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Ljuba Veselinova & Maria Koptjevskaja-Tamm


Relative clauses in spoken Russian and elsewhere

The paper addresses the problem of systematic discrepancy between syntactic and prosodic grouping in postnominal relative clauses. In Russian, as in many other right-branching languages, the prosodic break occurs inside NP – between the head noun and the relative clause, no matter restrictive or non-restrictive. Typically, this prosodic break appears to be at the same time the border between the topic and the comment in the sentence, cf. (1) with square brackets showing syntactic constituents, bold curly brackets showing intonation units, and arrows showing phrasal pitch accents. This sort of discrepancy usually doesn’t occur in left-branching languages with prenominal relative clauses, like Japanese, where each head noun is grouped prosodically with the preceding relative clause, the prosodic break thus occurring after the head noun and, hence, after the whole NP rather than inside it.
The paper argues that in Russian the discrepancy emerges as a cumulative effect of the syntactic right-branching, on the one hand, and, on the other hand, of the discourse tendency for “ideal delivery”
(Clark&Clark 1977, inter alia) with intonation units matching syntactic clauses. Basing on the first-hand natural spoken discourse data (oral corpora systematically annotated for prosodic details, incl. pausation and pitch movements) we attempt to demonstrate the “autonomy” of relative clauses from their heads. We will introduce the following structural and prosodic symptoms of this “autonomy”, which previously remained underestimated or simply unnoticed in the literature on relativization based mainly on written data:

1. In spoken Russian, the head noun can be separated from the relative clause. This detached head noun, cf. underlined plat’je ‘dress’ in (2), can retain the main phrasal accent (typically, with the rising pitch movement) responsible for signaling the topical status of the first intonation unit and its non-final status in the sentence, i.e. signaling the continuation of the unfolding discourse.

2. Previous studies (Zaliznjak, Padučeva 1979, Ljutikova 2009) have convincingly demonstrated the effect of pied-piping in Russian relative clauses: if a relative pronoun appears inside a smaller constituent within the relative clause, the whole this constituent is fronted rather than the single relative pronoun. What remained unnoticed so far is that the fronted constituent and the rest part of the relative clause can be articulated as separate intonation units (shown with angle brackets in (3)). Within the fronted constituent the pied-piped relative pronoun (underlined in (3)), otherwise strictly atonic, acquires the main phrasal accent. The accent (typically, with the rising pitch movement) signals the topical status of the first intonation unit and its non-final status within the relative clause, which thus acquires its internal information structure.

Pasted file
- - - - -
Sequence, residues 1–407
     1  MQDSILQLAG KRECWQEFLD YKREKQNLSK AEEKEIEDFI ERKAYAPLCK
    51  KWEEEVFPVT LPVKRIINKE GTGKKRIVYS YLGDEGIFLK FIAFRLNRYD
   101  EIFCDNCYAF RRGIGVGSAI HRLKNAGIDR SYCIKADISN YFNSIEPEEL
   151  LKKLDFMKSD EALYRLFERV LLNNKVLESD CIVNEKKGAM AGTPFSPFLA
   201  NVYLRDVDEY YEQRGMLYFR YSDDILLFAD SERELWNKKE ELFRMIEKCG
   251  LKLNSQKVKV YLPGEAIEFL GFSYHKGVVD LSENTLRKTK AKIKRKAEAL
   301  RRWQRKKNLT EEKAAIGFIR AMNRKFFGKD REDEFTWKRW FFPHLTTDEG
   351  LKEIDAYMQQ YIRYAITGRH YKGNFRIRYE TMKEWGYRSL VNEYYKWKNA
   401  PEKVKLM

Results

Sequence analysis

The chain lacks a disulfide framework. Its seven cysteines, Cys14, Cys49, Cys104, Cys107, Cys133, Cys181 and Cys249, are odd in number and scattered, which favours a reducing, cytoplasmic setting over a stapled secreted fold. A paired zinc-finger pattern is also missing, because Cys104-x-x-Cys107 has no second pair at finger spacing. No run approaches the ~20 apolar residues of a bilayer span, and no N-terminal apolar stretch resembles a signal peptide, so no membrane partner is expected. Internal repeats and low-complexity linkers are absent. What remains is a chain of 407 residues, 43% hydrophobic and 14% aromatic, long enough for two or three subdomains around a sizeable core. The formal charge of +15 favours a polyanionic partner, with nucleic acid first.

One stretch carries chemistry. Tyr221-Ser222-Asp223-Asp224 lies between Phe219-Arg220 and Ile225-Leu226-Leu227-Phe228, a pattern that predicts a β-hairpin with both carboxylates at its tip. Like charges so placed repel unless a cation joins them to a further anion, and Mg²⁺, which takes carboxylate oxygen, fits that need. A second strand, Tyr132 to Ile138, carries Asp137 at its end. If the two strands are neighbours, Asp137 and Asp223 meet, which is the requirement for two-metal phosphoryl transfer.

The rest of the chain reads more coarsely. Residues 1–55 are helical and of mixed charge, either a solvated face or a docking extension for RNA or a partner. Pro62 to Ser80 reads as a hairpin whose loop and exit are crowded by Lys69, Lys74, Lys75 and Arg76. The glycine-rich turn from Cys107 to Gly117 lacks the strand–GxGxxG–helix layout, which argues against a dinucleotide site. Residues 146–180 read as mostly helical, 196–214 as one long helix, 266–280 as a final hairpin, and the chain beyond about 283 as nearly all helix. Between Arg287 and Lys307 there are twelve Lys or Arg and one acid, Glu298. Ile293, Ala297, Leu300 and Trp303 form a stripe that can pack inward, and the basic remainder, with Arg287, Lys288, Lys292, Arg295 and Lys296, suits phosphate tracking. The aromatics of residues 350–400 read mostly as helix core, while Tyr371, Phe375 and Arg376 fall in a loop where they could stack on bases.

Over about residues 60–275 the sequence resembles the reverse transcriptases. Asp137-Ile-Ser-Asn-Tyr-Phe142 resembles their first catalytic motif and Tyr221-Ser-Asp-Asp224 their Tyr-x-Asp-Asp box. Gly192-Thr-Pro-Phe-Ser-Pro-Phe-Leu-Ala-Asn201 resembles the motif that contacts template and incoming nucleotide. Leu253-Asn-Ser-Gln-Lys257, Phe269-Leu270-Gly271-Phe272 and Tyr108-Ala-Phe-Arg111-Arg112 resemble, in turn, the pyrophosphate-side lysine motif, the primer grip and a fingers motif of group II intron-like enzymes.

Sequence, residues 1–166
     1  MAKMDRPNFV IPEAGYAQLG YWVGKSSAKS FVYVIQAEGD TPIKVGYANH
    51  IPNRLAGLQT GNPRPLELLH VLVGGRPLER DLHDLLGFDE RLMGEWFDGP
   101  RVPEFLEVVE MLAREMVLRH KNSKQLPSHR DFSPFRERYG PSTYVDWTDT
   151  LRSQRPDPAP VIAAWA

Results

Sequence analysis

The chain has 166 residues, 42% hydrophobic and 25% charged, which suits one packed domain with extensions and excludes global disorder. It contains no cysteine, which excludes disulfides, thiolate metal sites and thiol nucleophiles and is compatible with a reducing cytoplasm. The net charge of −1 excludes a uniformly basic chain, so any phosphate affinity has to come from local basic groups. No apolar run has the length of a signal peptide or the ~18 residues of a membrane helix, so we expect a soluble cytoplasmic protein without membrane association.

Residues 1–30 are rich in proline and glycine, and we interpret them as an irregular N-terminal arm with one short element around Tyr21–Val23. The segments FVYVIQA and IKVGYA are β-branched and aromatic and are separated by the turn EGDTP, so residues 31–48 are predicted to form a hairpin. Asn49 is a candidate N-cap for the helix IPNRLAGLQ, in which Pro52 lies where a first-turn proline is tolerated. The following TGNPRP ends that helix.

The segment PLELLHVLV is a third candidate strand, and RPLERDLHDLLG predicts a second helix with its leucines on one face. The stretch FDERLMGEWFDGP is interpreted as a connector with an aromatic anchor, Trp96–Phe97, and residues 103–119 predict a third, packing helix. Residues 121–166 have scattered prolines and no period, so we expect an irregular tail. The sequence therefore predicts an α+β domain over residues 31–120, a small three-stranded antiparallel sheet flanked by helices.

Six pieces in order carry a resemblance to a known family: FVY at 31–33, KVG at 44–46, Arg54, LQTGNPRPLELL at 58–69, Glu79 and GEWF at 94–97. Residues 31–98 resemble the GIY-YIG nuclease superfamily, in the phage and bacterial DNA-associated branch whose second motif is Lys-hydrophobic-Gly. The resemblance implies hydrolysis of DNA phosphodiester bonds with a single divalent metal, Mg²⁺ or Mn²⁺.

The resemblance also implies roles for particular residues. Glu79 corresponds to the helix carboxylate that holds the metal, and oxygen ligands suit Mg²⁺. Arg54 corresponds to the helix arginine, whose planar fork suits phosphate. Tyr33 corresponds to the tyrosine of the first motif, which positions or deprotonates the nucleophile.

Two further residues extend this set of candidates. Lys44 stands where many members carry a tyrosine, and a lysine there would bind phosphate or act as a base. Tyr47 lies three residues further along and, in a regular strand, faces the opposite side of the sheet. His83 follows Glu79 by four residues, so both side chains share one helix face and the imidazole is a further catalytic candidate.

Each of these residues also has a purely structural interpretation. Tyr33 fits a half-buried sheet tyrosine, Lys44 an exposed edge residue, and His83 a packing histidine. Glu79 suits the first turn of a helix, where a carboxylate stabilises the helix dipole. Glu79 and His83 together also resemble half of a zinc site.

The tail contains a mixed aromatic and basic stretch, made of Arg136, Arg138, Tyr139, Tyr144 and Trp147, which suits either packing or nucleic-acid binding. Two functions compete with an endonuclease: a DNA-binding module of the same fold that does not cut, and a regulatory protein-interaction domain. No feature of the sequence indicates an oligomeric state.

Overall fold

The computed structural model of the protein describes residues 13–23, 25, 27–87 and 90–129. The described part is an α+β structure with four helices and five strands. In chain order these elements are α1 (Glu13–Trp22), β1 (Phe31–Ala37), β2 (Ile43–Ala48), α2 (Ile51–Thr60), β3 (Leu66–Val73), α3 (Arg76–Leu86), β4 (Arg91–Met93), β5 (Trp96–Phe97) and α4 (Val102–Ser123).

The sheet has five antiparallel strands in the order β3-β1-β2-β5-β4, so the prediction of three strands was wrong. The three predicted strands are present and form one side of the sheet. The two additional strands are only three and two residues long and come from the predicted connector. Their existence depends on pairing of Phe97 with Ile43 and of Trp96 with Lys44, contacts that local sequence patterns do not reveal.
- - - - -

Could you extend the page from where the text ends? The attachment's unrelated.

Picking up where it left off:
3. Pauses between head nouns and relative clauses appear to be registered much more often than on the border of complement clauses and even slightly more often than on the border of adverbial clauses.
The length of pauses shows the same tendency (see Korotaev 2009 for detailed quantitative results). The intonation unit that includes the head noun can be articulated with the falling pitch movement in main phrasal accent, i.e. as an independent clause projecting no continuation in the unfolding discourse. Hence, the relative clause is produced autonomously as a suspended clause (the term coined in in Ohori 1996), added after the speaker recognizes the just produced portion of discourse as insufficient and requiring elaboration, cf.

4. In our data up to 25% of relative clauses are produced as suspended – much more often than other types of subordinate clauses.

Finally, relative clauses in spoken Russian will be compared with other heavy NPs, first and foremost with coordinate NPs, which also demonstrate behavior cumulatively affected by the syntactic right-branching and the discourse tendency for “ideal delivery”.


{Mne nravitsja [­plat’je}T(opic) {[kotoroe ona iz ¯sitca
sšila ]]}C(omment)
I like dress REL she of printed.cotton made
‘I like the dress that she made of printed cotton ’

{Mne ­plat’je nravitsja} {kotoroe ona iz ¯sitca sšila}
I dress like REL she of printed.cotton made
Lit.‘I dress like that she of printed cotton made’

{Mne nravitsja ­plat’je}T1 {árukava ­kotorogoñT2 ášjity iz ¯sitcañC2}C1
I like dress sleeves REL made of printed.cotton
Lit. ‘I like dress sleeves [of] which are made of printed cotton ’

Mne nravitsja ¯plat’je. Kotoroe ona iz ¯sitca sšila.
I like dress REL she of printed.cotton made
‘I like the dress. [I mean the one] that she made of printed cotton ’


Zaliznjak Andrej A., Padučeva Elena V. 1979. Sintaksičeskie svojstva mestoimenija kororyj // Kategorija opredeljonnosti-neopredeljonnosti v slavjanskix i balkanskix jazykax. Moscow: Nauka, 289-329.

Korotaev Nikolai. A. 2009. Sintaksis i prosodija v sisteme sredstv diskursivnoj svjaznosti teksta. PhD dissertation. Russian State University for the Humanities.

Ljutikova Ekaterina A. 2009.Otnositel’nye predloženija s sojuznym slovom kororyj // Korpusnye issledovanija po russkoj grammatike. Eds.
K.Kiselёva et al. Moscow: Probel, 436-511.

Ohori Toshio. 1996 Remarks on suspended clauses: a contribution to Japanese phraseology // Essays in Semantics and Pragmatics: In honor of Charles J. Fillmore. Eds. Masayoshi Shibatani and Sandra A.
Thompson. John Benjamins, 201-218.